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Ketamine: Teaching an Old Drug New Tricks

Kohrs, Rainer MD; Durieux, Marcel E. MD

doi: 10.1213/00000539-199811000-00039
Review Article

Department of Anesthesiology, University of Virginia Health Center, Charlottesville, Virginia.

This work was supported in part by National Institutes of Health Grant GMS52387 to MED.

Accepted for publication July 31, 1998.

Address correspondence to Marcel E. Durieux, MD, Department of Anesthesiology, University of Virginia Health Center, PO Box 10010, Charlottesville, VA 22906-0010.

Ketamine has a special position among anesthetic drugs. It was introduced into clinical practice >30 yr ago with the hope that it would function as a "monoanesthetic" drug: inducing analgesia, amnesia, loss of consciousness, and immobility. This dream was not fulfilled because significant side effects were soon reported. With the introduction of other IV anesthetic drugs, ketamine's role diminished rapidly. However, it is still used clinically for indications such as induction of anesthesia in patients in hemodynamic shock; induction of anesthesia in patients with active asthmatic disease; IM sedation of uncooperative patients, particularly children; supplementation of incomplete regional or local anesthesia; sedation in the intensive care setting; and short, painful procedures, such as dressing changes in burn patients.

However, recent insights into ketamine's anesthetic mechanism of action and its neuronal effects, as well as a reevaluation of its profound analgesic properties, offer the potential of expanding this range of indications. In addition, studies with the S(+) ketamine isomer suggest that its use may be associated with fewer side effects than the racemic mixture. In this article, we review the mechanism of action of ketamine anesthesia, the pharmacologic properties of its stereoisomers, and the potential uses of ketamine for preemptive analgesia and neuroprotection. Several aspects discussed herein have been reviewed previously [1-4].

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Clinical Pharmacology

Commercial ketamine is a racemic mixture consisting of two optical enantiomers, R(-) and S(+) (Figure 1), and the preservative benzethonium chloride. Pharmacokinetically, ketamine has relatively short distribution and elimination half-lives: the alpha-elimination phase lasts only a few minutes, and the beta-elimination half life is 2-3 h. The compound is metabolized extensively by the hepatic cytochrome p450 system; its primary metabolite norketamine is only one-third to one-fifth as potent as the original compound but may be involved in the prolonged analgesic actions of ketamine. The metabolites of norketamine are excreted by the kidneys.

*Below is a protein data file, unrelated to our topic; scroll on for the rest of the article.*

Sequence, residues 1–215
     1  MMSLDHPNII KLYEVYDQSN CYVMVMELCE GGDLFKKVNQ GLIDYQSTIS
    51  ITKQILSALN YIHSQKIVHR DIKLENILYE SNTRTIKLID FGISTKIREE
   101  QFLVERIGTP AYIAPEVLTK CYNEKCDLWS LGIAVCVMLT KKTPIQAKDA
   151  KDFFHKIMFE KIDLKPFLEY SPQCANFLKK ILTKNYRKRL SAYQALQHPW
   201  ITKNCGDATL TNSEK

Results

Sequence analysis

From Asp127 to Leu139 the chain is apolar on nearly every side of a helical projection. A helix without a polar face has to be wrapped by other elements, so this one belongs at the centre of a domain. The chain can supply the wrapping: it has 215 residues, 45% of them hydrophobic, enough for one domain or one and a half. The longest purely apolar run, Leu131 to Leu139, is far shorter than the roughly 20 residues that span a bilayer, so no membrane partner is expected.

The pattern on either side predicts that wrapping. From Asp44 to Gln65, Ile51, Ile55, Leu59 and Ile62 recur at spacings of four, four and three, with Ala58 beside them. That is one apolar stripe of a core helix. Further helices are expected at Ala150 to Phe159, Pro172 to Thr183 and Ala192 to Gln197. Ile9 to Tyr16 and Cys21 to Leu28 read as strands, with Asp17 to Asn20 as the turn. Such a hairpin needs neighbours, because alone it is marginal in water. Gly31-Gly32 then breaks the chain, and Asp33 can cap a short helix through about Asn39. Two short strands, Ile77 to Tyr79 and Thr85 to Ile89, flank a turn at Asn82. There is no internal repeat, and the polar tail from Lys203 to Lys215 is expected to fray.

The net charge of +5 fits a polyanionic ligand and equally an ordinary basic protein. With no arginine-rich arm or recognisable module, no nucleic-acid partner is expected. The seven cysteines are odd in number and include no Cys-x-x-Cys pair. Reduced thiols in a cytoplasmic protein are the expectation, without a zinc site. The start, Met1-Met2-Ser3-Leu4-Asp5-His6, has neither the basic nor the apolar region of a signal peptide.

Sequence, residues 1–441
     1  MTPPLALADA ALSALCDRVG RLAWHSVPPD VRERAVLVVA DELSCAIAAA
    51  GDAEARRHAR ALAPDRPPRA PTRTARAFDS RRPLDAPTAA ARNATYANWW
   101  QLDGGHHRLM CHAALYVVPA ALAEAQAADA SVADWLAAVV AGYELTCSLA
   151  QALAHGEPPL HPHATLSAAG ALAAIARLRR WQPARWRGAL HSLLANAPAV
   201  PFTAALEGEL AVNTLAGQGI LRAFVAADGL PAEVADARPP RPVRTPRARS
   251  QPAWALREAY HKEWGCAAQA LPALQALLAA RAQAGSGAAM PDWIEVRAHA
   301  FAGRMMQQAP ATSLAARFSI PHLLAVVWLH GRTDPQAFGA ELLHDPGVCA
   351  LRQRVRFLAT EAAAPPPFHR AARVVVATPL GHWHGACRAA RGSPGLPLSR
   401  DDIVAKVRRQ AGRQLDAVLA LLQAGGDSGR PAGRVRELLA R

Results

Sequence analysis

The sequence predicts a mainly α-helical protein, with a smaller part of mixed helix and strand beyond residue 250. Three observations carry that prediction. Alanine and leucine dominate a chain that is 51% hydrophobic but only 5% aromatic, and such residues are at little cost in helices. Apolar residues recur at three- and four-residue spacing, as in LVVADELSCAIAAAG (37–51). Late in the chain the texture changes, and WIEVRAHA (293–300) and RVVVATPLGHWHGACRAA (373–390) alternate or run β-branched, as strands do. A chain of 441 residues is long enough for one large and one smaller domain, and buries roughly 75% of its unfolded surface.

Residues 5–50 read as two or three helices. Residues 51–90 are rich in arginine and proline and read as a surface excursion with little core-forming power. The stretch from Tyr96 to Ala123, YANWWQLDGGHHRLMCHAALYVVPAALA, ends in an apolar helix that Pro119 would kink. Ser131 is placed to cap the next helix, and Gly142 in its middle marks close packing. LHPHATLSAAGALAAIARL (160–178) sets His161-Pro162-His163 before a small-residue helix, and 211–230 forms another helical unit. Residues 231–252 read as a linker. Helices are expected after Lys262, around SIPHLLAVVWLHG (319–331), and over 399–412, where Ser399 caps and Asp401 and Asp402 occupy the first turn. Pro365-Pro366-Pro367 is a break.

Figure 1

Figure 1

Classic ketamine anesthetic effects are best described as a dose-dependent central nervous system (CNS) depression that leads to a so-called dissociative state, characterized by profound analgesia and amnesia but not necessarily loss of consciousness. Although not asleep, the subject seems completely unaware of the environment. Suggested mechanisms for this form of catalepsy include electrophysiologic inhibition of thalamocortical pathways and stimulation of the limbic system.

Ketamine has other effects besides analgesia and amnesia. Effects on the respiratory system are generally beneficial: it is a well documented bronchodilator [5], it causes minimal respiratory depression with only mild hypercapnia [6] in clinically relevant doses, and protective airway reflexes are more likely to be preserved than with other IV anesthetics. However, increased oral secretions can occur. Ketamine often produces significant increases in blood pressure and heart rate [7], and increases in pulmonary artery pressure have been reported, especially in patients with preexisting heart disease [8,9]. These effects are due to sympathetic stimulation; ketamine's direct effect on the heart is depressant, S(+) less than R(-) [10]. Recovery time is dose-dependent, and emergence is, at times, complicated by psychotomimetic reactions (hallucinations, vivid dreams), which can be highly unpleasant. The manufacturer lists the presence of uncontrolled arterial hypertension or hypersensitivity to the drug as contraindications to the use of ketamine. However, caution has also been suggested when the drug is used in patients with coronary artery disease [11] or right heart failure [12].